Conny started off at Saxbo Pottery 1948-1949, but left after a year and studied the Arts and Crafts School in Copenhagen 1949-1951 where she graduated as a ceramicist.

She then worked at Kahler Ceramics in Naestved 1951-1952, before opening her own studio in Birkerod, north of Copenhagen with her husband, Artist Bent Stubbe Teglbjerg – who sometimes decorated her works. In her later years she worked as a painter.

Her early work consisted of high fired earthenware, simply decorated with thick glossy glazes, before moving on to high fired stoneware with ash glazes (askeglasurer).

In the 1960s and 70s she experimented freely with stoneware sculptures composed of burned, unglazed, part geometric, part organic shapes of porcelain clay, often which with heavily textured surfaces.

I think the first piece here belongs to a period in the middle somewhere, early 1960s probably. It is high fired stoneware, with what appears to be a clear ash glaze. Her CW cypher is one that is instantly recognisable.

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Knudsdatter Denmark – Mystery

This maker is a bit of a mystery. While it has a name and cypher, the maker remains unidentified as yet.

The piece was with a number of known Danish pottery items I purchased at auction late last year.

The large stoneware slab formed vessel is quite large with a iron rich brown glaze.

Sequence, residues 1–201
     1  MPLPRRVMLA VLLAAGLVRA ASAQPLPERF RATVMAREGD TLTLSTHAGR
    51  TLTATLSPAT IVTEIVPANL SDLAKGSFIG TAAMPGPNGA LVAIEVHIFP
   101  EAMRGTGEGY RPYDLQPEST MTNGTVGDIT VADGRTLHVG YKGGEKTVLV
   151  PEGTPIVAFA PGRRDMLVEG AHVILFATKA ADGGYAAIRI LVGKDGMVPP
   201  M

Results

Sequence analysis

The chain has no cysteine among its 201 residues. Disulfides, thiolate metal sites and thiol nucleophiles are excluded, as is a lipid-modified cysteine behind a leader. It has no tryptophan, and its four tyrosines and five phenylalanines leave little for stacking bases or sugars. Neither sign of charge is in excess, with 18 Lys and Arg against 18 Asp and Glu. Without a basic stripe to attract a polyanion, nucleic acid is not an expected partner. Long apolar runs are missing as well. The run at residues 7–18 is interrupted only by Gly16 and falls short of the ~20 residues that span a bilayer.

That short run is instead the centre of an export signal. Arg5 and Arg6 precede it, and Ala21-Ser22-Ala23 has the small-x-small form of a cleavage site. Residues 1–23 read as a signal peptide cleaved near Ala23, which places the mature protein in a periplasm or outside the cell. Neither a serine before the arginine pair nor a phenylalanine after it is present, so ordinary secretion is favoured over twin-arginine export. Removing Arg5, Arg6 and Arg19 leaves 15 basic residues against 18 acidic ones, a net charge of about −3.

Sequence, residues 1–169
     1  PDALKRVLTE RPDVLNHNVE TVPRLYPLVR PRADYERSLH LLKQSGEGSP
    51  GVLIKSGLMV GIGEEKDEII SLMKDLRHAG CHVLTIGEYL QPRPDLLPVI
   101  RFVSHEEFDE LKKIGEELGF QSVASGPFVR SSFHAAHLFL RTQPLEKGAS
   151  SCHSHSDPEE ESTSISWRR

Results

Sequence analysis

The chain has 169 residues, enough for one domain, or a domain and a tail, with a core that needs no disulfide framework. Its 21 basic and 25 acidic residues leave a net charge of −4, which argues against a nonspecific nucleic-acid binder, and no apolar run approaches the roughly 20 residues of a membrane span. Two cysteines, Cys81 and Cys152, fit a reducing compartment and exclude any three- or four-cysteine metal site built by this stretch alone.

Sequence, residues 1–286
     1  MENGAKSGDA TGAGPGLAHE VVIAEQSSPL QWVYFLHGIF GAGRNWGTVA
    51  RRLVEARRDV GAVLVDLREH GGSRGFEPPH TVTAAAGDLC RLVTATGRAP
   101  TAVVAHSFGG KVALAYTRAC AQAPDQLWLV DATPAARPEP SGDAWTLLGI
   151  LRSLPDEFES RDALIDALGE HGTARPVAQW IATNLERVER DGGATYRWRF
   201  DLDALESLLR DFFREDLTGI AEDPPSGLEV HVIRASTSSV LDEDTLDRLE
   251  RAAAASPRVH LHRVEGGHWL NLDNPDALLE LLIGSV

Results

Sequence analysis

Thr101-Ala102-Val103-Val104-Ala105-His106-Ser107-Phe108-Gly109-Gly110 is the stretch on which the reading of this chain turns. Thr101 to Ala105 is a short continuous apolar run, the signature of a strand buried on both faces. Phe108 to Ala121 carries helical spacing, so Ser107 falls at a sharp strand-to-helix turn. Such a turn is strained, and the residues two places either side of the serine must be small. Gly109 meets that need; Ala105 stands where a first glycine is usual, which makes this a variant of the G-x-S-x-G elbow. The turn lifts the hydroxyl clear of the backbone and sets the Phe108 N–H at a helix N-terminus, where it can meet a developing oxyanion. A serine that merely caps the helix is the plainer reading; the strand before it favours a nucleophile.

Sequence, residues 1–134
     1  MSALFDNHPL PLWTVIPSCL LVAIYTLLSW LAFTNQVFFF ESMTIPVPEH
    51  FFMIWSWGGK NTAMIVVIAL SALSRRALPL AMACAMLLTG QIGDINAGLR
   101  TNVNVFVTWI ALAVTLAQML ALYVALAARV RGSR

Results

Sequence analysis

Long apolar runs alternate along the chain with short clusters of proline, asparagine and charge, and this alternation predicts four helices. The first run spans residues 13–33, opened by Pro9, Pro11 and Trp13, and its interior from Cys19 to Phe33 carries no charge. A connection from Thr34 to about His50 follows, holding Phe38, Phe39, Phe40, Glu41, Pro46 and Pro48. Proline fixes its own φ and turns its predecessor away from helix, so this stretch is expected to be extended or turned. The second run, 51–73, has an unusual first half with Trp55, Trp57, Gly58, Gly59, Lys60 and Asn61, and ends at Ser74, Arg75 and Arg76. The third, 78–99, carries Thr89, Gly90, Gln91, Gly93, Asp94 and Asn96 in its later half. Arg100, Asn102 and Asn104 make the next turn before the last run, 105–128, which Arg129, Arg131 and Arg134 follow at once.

The paper label says “Knudsdatter Stentøj, Made in Denmark” but I havent been able to find anything about this potter or pottery.

I haven’t found  any images online from the maker either – which seems a bit odd given the printed label and cypher which some planning and thought has gone into.

Knudstatter Denmark , Stoneware Vessel

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Zeuthen Ceramics

Zeuthen Keramik was founded in 1946 at Gentofte, near Copenhagen, by Normann Zeuthen. It traded under the named Zeuthen Keramik from 1948. The workshop employed around 10-15 people at its peak. Some of the known potters who spent some time there in the apprenticeship system in its early years were Ady Kroyer and Birte Vedel Howard who both went on to have successful careers as potters in Denmark.

Zeuthen pottery has become well known for its functional and domestic works in red clay decorated with motifs of flowers, stars, dots and other decorative motifs in white raised glaze or slip trailed glaze on the unglazed smooth red clay. Going by the amount of Zeuthen work still available online and in antique stores their output was very high….and very popular to this day.

Pieces from Zuethen are simply signed “Zuethen Denmark” in blue to the base. Sometimes you might find a printed paper label as well.

I haven’t been able to find a date for when the pottery ceased operating – any help with this appreciated.

Edith Nielsen was the primary designer at Zeuthen responsible for this distinctive style which became the Zeuthen style.

Zeuthen Denmark

Zeuthen Denmark, Large Vase

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Gutte Eriksen Exhibition, Clay Musuem Denmark

I was interested to read about an important exhibition coming up first thing in 2018 featuring the work of one of my favourite Danish Potters of the 20th Century – Gutte Eriksen.

The Clay Museum in Denmark has an exhibition running 17th January to 27th May 2018 celebrating the work of Gutte, who would have been 100 years old in 2018. A summary of the exhibition translated From the Clay Museum website: Read more

Arne Bang, Jacob Bang – Denmark